would bring victory with them.
But the President
was extremely ill advised; from those armies, which numbered among their generals a Grant, a Sherman, a MacPherson, a Sheridan, he selected Halleck
for the supreme command.
inaugurated his assumption of the command by a general order
, in which he expressed his personal views regarding strategy in language which was offensive not only to his predecessors, but to the soldiers whom he addressed.
‘I desire,’ he said, ‘that you will dismiss from your minds certain phrases which I am sorry to find much in vogue among you. I constantly hear of strong positions to be captured and occupied, of lines of retreat and bases of supplies.
Let us discard such ideas.’
himself proclaimed that it was no longer his task to cover Washington
while the army of the Potomac was making an offensive campaign against Richmond
He would adopt the plan of campaign favored by Mr. Lincoln
in opposition to that of landing on the peninsula of Virginia
, and by following the land route he expected to enter Richmond
before General McClellan
, to show the latter how much he had been mistaken in advancing by way of Yorktown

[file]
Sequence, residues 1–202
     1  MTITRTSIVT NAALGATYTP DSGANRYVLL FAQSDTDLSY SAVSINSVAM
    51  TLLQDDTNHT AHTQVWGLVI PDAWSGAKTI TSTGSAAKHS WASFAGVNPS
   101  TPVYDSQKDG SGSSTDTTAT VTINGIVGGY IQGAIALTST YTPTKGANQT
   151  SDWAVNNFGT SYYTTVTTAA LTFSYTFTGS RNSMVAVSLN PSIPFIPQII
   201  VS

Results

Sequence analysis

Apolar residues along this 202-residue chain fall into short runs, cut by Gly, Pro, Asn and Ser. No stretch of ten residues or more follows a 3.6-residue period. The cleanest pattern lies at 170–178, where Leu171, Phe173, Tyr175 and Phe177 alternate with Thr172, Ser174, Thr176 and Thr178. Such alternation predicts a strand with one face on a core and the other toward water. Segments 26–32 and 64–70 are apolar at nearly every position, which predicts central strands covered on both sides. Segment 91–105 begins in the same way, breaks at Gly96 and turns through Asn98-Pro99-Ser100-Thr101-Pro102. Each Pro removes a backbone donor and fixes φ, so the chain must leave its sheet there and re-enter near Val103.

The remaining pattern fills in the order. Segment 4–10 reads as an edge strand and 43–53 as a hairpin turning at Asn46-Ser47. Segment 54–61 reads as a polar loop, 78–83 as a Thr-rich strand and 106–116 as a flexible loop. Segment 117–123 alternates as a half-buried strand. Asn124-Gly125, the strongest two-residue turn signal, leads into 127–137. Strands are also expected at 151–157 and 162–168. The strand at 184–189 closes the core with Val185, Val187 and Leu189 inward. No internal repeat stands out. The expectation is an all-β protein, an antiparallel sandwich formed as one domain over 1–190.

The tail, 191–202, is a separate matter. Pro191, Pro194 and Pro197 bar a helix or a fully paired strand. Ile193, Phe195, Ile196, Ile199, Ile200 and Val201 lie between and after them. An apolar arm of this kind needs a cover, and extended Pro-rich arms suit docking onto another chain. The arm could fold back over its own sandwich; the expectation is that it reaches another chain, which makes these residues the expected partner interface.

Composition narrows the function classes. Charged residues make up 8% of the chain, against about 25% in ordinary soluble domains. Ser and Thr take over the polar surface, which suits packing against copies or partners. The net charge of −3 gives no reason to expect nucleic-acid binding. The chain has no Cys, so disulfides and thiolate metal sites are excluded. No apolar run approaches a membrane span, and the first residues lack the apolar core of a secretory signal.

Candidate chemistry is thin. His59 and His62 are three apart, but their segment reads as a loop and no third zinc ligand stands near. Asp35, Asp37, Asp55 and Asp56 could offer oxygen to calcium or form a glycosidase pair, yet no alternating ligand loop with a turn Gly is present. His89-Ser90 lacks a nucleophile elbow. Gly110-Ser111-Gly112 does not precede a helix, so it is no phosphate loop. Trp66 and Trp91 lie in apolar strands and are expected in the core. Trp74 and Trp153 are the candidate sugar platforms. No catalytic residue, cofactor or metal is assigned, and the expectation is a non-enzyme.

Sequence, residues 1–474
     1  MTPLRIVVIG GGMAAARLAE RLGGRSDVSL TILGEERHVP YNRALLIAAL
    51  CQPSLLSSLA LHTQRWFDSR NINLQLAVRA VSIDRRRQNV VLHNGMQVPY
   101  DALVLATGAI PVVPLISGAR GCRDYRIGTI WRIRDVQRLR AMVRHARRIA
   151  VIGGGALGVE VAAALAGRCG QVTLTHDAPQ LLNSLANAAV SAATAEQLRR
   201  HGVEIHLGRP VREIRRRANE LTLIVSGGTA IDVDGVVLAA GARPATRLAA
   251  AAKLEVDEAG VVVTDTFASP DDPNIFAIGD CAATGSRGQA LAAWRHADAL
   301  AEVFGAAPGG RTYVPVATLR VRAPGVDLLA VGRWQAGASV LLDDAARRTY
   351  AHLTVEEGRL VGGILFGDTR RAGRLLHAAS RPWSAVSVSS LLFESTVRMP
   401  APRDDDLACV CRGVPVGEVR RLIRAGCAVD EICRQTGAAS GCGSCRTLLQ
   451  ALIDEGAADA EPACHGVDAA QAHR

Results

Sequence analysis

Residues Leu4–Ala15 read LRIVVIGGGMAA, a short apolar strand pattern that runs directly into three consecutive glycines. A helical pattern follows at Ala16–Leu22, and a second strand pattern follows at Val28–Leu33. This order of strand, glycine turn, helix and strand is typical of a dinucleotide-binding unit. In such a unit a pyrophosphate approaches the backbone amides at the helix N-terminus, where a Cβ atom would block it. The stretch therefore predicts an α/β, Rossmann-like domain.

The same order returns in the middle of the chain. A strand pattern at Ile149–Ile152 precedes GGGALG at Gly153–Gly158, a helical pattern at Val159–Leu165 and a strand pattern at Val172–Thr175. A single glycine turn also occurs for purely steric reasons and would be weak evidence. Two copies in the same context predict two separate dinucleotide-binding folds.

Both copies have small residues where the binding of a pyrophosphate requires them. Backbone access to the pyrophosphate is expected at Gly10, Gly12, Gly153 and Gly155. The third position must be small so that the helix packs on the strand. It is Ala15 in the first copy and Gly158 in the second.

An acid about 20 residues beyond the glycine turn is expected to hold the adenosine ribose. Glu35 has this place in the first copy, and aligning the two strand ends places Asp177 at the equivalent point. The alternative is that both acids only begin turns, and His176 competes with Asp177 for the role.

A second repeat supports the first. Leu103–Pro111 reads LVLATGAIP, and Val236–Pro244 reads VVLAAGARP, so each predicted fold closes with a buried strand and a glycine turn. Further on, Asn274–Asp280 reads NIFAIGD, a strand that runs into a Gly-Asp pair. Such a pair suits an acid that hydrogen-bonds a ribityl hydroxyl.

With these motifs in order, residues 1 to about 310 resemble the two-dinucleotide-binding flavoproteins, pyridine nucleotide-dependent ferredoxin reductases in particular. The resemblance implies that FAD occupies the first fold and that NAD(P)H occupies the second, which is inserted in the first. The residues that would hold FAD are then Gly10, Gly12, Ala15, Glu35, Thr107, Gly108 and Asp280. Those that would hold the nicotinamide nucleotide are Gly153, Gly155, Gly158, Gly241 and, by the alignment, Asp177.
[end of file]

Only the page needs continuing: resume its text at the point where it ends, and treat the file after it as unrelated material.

The Federal troops destined to operate against the Confederate
capital were, therefore, divided into two armies, one numbering ninety, the other fifty thousand men, unable to form a junction, and separated from each other by all the enemy's forces.
Such a dangerous situation could not be allowed to continue.
was well convinced of this; but instead of falling back upon McClellan
's plan of assuming a strictly defensive attitude, and of bringing back the troops charged with the defence of Washington
to the banks of the Potomac
, in order to render the reinforced army of the Potomac perfectly free in its movements, he added his own persuasions to the representations of those who were already asking the President
to sacrifice the conquered positions near Richmond